Researchers from the Wyss Institute at Harvard University have developed a new microfluidic lab-on-a-chip device that aims to more accurately model the complex biological properties of the blood-brain barrier (BBB). Their work, recently published in Nature Communications, demonstrates the device is able to mimic the highly selective drug and antibody uptake previously only seen within in vivo systems. This development can help advance drug discovery to treat brain diseases and potentially help improve understanding of conditions resulting from BBB dysfunction. Prior in vitro models of the blood-brain barrier have been...

June 14th, 2019 by Siavash Parkhideh
Researchers from Stanford University have developed a new AI tool, dubbed HeadXNet that detects brain aneurysms from computed tomographic angiography (CTA) scans. Their work, recently published in JAMA Network Open, demonstrates that their AI tool helped radiologists identify 6 more scans with aneurysm for every 100 scans already diagnosed with aneurysm. This is an exciting development for the millions of Americans who experience intracranial aneurysms, and can help improve detection and clinical outcomes. Currently, about three percent of the American population will suffer from intracranial aneurysms at some point in...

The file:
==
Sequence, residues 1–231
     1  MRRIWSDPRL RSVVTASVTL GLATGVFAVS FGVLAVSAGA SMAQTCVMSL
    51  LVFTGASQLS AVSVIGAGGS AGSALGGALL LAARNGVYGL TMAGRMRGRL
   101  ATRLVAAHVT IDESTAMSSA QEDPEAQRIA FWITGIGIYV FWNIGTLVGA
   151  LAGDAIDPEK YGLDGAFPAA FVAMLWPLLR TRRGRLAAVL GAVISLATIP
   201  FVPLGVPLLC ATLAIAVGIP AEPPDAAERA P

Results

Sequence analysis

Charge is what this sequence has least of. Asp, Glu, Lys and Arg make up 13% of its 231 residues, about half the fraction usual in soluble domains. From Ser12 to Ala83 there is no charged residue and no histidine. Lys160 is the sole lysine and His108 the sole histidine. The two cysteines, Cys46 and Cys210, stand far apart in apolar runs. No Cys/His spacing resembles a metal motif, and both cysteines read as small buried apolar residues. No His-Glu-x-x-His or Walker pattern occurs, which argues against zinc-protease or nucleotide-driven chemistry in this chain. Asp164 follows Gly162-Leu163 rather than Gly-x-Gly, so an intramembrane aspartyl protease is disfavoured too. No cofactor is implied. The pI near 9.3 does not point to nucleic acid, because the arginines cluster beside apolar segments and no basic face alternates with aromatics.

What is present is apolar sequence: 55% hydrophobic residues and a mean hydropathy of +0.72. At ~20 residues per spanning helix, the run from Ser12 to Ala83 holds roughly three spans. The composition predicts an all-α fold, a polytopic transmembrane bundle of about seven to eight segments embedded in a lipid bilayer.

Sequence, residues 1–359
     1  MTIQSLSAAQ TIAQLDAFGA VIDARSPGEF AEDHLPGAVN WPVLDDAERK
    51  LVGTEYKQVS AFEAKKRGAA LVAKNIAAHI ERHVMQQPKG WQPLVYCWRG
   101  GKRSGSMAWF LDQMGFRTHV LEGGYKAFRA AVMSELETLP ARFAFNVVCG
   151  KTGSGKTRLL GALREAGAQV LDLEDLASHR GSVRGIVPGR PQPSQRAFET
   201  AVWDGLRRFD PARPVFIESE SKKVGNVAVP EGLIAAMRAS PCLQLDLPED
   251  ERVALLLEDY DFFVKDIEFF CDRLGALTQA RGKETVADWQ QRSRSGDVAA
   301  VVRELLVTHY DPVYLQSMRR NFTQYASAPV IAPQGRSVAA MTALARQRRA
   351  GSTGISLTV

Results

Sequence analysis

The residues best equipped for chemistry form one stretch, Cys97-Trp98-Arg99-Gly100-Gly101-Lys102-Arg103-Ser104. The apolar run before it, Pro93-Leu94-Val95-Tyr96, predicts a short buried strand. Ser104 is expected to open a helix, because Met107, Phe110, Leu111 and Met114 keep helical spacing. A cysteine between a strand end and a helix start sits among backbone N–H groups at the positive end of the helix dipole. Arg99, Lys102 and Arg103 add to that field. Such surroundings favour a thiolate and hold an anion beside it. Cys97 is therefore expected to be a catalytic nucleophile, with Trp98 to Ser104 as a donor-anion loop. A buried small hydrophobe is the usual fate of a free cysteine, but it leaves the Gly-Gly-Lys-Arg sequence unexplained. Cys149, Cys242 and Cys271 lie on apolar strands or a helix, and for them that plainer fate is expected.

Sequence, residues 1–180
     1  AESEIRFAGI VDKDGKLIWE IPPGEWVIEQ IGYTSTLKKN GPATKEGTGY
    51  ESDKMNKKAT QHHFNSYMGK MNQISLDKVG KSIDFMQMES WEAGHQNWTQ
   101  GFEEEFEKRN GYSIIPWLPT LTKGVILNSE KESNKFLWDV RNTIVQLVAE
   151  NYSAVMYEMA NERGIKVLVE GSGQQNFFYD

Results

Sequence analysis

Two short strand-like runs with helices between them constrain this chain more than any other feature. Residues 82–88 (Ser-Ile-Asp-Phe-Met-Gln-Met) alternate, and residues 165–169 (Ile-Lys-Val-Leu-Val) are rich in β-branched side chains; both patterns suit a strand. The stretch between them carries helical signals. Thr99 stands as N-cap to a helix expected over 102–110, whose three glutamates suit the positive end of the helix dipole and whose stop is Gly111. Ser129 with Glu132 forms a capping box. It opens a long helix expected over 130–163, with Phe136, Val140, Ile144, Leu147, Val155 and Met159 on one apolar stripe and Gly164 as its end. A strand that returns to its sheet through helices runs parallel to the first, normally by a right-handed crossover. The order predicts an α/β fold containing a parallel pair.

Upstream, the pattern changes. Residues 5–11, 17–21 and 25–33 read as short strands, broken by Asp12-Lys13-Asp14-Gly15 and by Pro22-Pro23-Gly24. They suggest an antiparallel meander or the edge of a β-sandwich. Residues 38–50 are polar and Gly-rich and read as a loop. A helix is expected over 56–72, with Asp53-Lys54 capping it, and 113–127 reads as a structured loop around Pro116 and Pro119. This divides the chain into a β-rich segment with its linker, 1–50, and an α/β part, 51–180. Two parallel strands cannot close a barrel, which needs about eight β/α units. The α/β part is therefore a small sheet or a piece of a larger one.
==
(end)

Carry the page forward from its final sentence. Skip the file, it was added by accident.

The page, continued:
CorMatrix, a company out of Roswell, Georgia, has won FDA clearance for the Cor PATCH epicardial patch. The device is indicated for use at the locations of aneurysms, in adults who have suffered a heart attack that led to the ventricular walls becoming thinner, or anywhere else where structural support or repair of the heart would be helpful. The patch is made using the new generation of the CorMatrix ECM extracellular matrix, which, unlike other competing devices derived from animal tissues, does not have any nuclear remnants, bits of cell wall,...
Researchers at Florida Atlantic University have developed a microfluidic chip that can rapidly assess blood samples from sickle cell disease patients to help monitor the disease. The technique is much faster and more convenient than traditional optical microscopy assessments. Sickle cell disease affects approximately 100,000 individuals in the U.S. and millions of people throughout the world. Red blood cells in those affected become misshapen (forming a “sickle” shape) and sticky, and can block blood flow and break down. This can lead to a variety of serious symptoms, such as organ...